Preparing photos and other graphics
Graphic sizes on the screen are measured in pixels - the actual dots which make up the screen display. If you are starting with a digital camera image, it will almost certainly be far too big, but that's OK. If you are scanning a print or transparency, it's a good idea to start with a scan that's too big, too.
You don't have to use the whole photograph - you may want some part of it which may not even be the main subject.
Crop your photo so you have just the part you want;
Carry out any processing you want e.g. adjusting brightness, contrast;
Resample the picture down to the size you want: a full width photo in a modern design could be up to 2000 pixels wide, but typically, images will usually be quite a bit smaller. I'm inclined to think that 800 pixels wide is reasonable for a photo gallery, for example. A modern digital camera produces massive images, and you don't want people to be waiting for that kind of picture to load when they visit your page. Set a sensible dpi value so you have some kind of consistency when pages are printed (96dpi is good, or 72 if you're an Apple user).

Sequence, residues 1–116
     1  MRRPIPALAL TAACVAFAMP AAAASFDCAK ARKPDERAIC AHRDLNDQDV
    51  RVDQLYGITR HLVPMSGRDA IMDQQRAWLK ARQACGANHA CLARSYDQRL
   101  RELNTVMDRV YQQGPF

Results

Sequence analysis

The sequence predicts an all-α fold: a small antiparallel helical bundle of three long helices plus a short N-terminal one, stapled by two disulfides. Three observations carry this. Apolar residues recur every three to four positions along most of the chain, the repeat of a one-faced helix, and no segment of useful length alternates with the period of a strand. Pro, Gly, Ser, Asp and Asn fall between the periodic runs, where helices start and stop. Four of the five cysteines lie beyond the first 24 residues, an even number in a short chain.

The three main formats for graphics are JPEG (JPG), GIF and PNG. PNG was created as a replacement for the GIF format, has steadily gained popularity, and is now widespread.
The standard rule of thumb for choosing which format to use is to save anything which is photographic in appearance as a JPEG file, and anything that's more cartoonish - with large blocks of just a few colours - in PNG (or GIF) format. See what looks best and what makes the smallest files sizes.
Adding graphics to your website
Whatever kind of system you are using for maintaining your website content, you should at least be offered the option of adding an alternate text description ('ALT text'). You should describe the image for the benefit of someone who, for whatever reason, is viewing your page without seeing the image. (So don't just repeat any caption you have given.)
Remember that the alternate text is available to all, so don't e.g. for a photo of children, include the names you have carefully omitted from the caption.
Last updated: April 2017